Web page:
Survey: Games trump movie theaters

Ticket sales up, but many U.S. consumers are staying in

The boxoffice is booming. Nevertheless, Americans seem to prefer spending time with video games over a night out at the movies.

In the past six months, 53% of U.S. consumers have gone to the movies, but 63% have played a video game, according to research firm NPD Group.

This despite record revenue being collected at American movie theaters. Through Sunday, 498 million movie tickets have been sold this year, 10% more than in the same frame last year, according to the National Association of Theatre Owners.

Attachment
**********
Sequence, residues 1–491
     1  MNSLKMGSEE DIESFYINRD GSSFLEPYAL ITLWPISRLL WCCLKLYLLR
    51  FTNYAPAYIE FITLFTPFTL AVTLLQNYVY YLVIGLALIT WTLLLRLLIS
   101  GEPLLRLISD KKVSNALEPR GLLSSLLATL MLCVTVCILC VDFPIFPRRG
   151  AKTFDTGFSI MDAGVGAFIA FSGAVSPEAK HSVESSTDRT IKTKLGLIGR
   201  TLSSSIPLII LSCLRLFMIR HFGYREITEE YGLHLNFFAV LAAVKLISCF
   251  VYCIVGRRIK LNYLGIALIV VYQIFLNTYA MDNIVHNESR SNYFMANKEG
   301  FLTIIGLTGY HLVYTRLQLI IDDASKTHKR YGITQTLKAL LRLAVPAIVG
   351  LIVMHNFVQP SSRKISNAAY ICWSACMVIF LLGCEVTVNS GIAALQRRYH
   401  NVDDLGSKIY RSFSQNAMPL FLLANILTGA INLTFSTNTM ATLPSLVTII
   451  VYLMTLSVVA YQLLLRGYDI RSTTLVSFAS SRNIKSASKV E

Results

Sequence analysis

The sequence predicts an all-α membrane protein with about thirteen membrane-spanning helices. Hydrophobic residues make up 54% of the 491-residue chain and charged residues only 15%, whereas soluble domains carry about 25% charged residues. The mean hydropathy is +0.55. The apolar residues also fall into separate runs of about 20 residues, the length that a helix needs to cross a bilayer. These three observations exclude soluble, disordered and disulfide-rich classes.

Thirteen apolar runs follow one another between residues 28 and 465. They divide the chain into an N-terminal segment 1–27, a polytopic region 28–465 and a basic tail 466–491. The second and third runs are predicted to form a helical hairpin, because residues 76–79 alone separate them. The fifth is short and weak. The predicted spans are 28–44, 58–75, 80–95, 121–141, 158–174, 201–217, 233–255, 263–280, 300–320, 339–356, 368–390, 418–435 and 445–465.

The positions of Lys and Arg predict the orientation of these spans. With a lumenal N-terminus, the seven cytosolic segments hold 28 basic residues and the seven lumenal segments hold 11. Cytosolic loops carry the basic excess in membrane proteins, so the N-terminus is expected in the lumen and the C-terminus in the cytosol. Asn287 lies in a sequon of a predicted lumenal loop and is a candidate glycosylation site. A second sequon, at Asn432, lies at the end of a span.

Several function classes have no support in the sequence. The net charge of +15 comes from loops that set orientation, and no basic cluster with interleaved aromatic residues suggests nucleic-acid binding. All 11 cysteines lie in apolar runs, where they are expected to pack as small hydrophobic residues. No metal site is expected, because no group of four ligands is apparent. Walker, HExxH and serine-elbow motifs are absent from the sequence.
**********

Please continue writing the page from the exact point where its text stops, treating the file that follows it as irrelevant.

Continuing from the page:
NPD surveyed 11,000 people who have spent money on at least one of three categories: video games, movies and music. The results are part of its "Entertainment Trends in America" report.

Of course the movie industry might argue that video games -- once owned -- don't cost anything, so comparisons between paying to see a movie and playing video games for free is unfair.

Plus, there's more than one way to see a film, and when NPD adds home video into the mix, it indicates that film beats video games, and music, too.

In the past three months, NPD says 40% of the average consumer's entertainment budget is spent on movies -- including tickets and DVD rentals and purchases -- compared with 33% on video games and 27% on music. The latter category includes recorded music and live concerts.
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